Due to William Marshall‘s commendation, I recently procured Arturo G. Azurdia’s book entitled Spirit Empowered Preaching. The book lived up to the hype. And like pork ribs on the 4th of July, the Azurdian aroma still wafts through my hungry soul. You cannot afford to miss this book, especially those of us who decorate our preaching with self-exalting trinkets.
You’ll know its benefits soon enough. But, here are a few appetizers:
It must be understood that the preacher does not share, he declares. It is for this very reason that small group Bible studies can never replace the preaching of the gospel. Preaching is not a little talk. It is not a fireside chat. To substitute sharing and discussion for preaching is to risk the integrity of the gospel itself (p88).
The preacher brings to a fallen humanity the very testimony of God centered on the redemptive work of Jesus Christ, a work which by nature shatters all human self-sufficiency. To then attempt a proclamation of that message in a manner that relies upon methods reflecting the wizardry of men is to eviscerate the gospel of its own content. The cross . . . not only determines the substance of the preacher’s message, it dictates the manner in which preachers communicate it; in a way that rivets the attention of people on the beauties of Jesus Christ rather than on the comparatively paltry gifts of the preacher (p91).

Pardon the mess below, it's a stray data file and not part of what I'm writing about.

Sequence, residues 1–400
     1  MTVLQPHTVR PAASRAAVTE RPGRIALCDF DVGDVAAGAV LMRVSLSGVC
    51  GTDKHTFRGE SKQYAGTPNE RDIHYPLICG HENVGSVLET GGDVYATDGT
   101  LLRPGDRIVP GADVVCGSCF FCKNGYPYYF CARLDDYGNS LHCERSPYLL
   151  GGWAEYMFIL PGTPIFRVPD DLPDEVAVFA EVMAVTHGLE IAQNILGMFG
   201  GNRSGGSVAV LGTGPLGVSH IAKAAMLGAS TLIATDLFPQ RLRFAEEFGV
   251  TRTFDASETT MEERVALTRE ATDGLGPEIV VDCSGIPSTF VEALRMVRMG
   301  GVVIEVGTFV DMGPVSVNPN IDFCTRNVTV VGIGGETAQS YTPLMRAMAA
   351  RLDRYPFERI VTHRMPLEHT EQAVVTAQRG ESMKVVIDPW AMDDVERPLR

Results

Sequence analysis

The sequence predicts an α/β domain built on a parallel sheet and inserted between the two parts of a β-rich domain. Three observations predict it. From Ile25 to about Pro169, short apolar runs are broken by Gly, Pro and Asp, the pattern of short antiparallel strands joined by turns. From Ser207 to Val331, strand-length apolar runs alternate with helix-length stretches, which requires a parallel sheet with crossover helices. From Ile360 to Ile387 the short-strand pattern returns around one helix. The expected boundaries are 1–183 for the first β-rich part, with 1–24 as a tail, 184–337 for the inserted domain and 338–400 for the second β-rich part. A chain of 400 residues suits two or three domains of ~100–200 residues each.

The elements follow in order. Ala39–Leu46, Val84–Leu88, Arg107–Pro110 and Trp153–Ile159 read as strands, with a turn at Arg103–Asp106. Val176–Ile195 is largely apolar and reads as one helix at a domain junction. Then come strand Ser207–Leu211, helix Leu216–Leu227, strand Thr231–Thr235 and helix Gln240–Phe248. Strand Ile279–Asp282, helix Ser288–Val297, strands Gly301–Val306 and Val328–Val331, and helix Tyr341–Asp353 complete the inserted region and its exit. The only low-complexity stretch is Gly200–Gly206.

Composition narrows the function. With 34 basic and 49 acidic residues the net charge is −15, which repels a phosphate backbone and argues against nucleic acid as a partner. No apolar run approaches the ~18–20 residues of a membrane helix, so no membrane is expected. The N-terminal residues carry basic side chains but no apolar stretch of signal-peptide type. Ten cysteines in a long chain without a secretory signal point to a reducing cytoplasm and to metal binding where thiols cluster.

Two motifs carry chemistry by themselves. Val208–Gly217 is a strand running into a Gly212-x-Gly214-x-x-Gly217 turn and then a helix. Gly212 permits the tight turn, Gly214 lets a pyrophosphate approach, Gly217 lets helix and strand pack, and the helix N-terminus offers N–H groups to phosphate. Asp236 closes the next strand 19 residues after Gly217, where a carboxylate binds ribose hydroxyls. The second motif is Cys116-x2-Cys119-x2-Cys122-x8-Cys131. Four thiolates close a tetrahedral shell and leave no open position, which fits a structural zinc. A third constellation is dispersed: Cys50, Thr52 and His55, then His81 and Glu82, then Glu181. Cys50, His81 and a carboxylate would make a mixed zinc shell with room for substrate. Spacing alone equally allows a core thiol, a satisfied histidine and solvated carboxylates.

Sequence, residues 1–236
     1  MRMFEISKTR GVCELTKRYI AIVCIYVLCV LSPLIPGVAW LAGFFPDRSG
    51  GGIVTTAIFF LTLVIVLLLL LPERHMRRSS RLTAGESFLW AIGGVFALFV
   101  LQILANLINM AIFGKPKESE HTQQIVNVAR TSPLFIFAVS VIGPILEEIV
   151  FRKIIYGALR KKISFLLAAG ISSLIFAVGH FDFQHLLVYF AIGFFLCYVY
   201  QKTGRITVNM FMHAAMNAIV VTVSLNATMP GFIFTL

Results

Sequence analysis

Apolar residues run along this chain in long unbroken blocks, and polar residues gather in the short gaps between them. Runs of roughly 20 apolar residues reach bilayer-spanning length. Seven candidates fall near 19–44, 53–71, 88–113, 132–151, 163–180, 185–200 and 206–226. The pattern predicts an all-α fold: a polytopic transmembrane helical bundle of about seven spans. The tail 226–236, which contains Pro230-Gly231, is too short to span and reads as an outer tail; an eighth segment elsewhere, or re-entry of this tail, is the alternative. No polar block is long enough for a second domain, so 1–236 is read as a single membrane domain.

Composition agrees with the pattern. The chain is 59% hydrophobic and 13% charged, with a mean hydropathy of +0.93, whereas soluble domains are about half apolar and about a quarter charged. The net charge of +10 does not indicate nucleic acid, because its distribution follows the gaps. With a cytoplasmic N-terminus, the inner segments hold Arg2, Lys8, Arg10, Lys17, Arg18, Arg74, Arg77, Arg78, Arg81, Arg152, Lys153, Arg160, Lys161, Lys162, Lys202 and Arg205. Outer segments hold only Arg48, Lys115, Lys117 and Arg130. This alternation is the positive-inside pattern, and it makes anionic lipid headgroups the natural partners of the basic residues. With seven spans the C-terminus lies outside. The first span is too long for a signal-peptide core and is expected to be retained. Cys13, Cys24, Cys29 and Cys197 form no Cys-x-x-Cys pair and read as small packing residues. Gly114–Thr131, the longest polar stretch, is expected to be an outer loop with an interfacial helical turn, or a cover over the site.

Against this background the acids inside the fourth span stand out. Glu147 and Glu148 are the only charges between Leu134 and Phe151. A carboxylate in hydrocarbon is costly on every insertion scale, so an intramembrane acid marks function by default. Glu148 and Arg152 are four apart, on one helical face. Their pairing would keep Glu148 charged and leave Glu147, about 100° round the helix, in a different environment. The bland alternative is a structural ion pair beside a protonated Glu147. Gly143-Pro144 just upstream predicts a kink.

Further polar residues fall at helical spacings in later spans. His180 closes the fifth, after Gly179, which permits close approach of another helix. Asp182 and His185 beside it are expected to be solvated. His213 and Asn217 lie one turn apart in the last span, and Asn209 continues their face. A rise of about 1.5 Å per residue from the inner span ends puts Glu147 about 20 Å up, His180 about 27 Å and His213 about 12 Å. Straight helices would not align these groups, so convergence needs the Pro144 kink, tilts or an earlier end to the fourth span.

The pulpit calls those anointed to it as the sea calls its sailors, and like the sea it batters and bruises and does not rest. To preach, to really preach, is to die naked a little at a time, and to know each time you do it that you must do it again (p127, quoting Alistair Begg).
A major step toward experiencing the power of God necessitates a thorough-going recognition of our lack of it. . . . The preacher must recognize, and even revel in, his own human inabilities (p143).
Enjoy this book, brethren, and may Christ’s church benefit from your effort.